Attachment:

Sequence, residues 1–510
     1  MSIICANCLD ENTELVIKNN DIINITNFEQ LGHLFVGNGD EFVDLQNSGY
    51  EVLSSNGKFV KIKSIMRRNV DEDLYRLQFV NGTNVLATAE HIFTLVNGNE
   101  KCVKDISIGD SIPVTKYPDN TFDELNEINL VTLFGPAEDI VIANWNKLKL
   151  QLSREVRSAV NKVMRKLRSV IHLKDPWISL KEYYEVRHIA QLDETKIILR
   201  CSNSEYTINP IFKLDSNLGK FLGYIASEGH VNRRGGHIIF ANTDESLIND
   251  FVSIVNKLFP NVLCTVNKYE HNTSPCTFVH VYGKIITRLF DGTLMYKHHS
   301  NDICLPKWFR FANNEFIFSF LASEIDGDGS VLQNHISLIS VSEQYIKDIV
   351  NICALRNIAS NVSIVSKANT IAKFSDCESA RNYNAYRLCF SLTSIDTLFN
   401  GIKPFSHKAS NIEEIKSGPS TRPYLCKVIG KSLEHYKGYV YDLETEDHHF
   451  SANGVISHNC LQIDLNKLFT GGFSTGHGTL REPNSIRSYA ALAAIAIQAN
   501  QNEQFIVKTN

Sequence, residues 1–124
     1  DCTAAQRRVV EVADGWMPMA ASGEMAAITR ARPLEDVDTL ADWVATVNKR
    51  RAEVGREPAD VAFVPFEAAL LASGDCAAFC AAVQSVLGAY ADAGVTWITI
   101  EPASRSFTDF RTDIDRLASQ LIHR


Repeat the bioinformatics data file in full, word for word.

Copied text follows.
Sequence, residues 1–510
     1  MSIICANCLD ENTELVIKNN DIINITNFEQ LGHLFVGNGD EFVDLQNSGY
    51  EVLSSNGKFV KIKSIMRRNV DEDLYRLQFV NGTNVLATAE HIFTLVNGNE
   101  KCVKDISIGD SIPVTKYPDN TFDELNEINL VTLFGPAEDI VIANWNKLKL
   151  QLSREVRSAV NKVMRKLRSV IHLKDPWISL KEYYEVRHIA QLDETKIILR
   201  CSNSEYTINP IFKLDSNLGK FLGYIASEGH VNRRGGHIIF ANTDESLIND
   251  FVSIVNKLFP NVLCTVNKYE HNTSPCTFVH VYGKIITRLF DGTLMYKHHS
   301  NDICLPKWFR FANNEFIFSF LASEIDGDGS VLQNHISLIS VSEQYIKDIV
   351  NICALRNIAS NVSIVSKANT IAKFSDCESA RNYNAYRLCF SLTSIDTLFN
   401  GIKPFSHKAS NIEEIKSGPS TRPYLCKVIG KSLEHYKGYV YDLETEDHHF
   451  SANGVISHNC LQIDLNKLFT GGFSTGHGTL REPNSIRSYA ALAAIAIQAN
   501  QNEQFIVKTN

Sequence, residues 1–124
     1  DCTAAQRRVV EVADGWMPMA ASGEMAAITR ARPLEDVDTL ADWVATVNKR
    51  RAEVGREPAD VAFVPFEAAL LASGDCAAFC AAVQSVLGAY ADAGVTWITI
   101  EPASRSFTDF RTDIDRLASQ LIHR